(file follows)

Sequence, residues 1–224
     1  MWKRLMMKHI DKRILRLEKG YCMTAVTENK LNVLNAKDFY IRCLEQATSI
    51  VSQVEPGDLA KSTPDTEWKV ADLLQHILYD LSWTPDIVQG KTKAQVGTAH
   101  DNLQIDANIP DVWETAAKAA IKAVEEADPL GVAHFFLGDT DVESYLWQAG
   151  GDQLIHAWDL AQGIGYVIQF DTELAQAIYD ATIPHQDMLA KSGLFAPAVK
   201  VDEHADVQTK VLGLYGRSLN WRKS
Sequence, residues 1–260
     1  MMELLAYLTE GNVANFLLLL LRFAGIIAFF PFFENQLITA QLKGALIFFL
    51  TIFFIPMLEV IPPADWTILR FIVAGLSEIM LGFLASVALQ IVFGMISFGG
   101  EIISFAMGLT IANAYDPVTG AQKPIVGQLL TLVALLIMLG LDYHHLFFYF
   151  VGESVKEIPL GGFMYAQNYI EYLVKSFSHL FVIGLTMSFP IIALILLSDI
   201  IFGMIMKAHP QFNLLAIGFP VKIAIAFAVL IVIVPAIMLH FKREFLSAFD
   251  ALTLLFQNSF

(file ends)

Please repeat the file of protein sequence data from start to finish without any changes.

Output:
Sequence, residues 1–224
     1  MWKRLMMKHI DKRILRLEKG YCMTAVTENK LNVLNAKDFY IRCLEQATSI
    51  VSQVEPGDLA KSTPDTEWKV ADLLQHILYD LSWTPDIVQG KTKAQVGTAH
   101  DNLQIDANIP DVWETAAKAA IKAVEEADPL GVAHFFLGDT DVESYLWQAG
   151  GDQLIHAWDL AQGIGYVIQF DTELAQAIYD ATIPHQDMLA KSGLFAPAVK
   201  VDEHADVQTK VLGLYGRSLN WRKS
Sequence, residues 1–260
     1  MMELLAYLTE GNVANFLLLL LRFAGIIAFF PFFENQLITA QLKGALIFFL
    51  TIFFIPMLEV IPPADWTILR FIVAGLSEIM LGFLASVALQ IVFGMISFGG
   101  EIISFAMGLT IANAYDPVTG AQKPIVGQLL TLVALLIMLG LDYHHLFFYF
   151  VGESVKEIPL GGFMYAQNYI EYLVKSFSHL FVIGLTMSFP IIALILLSDI
   201  IFGMIMKAHP QFNLLAIGFP VKIAIAFAVL IVIVPAIMLH FKREFLSAFD
   251  ALTLLFQNSF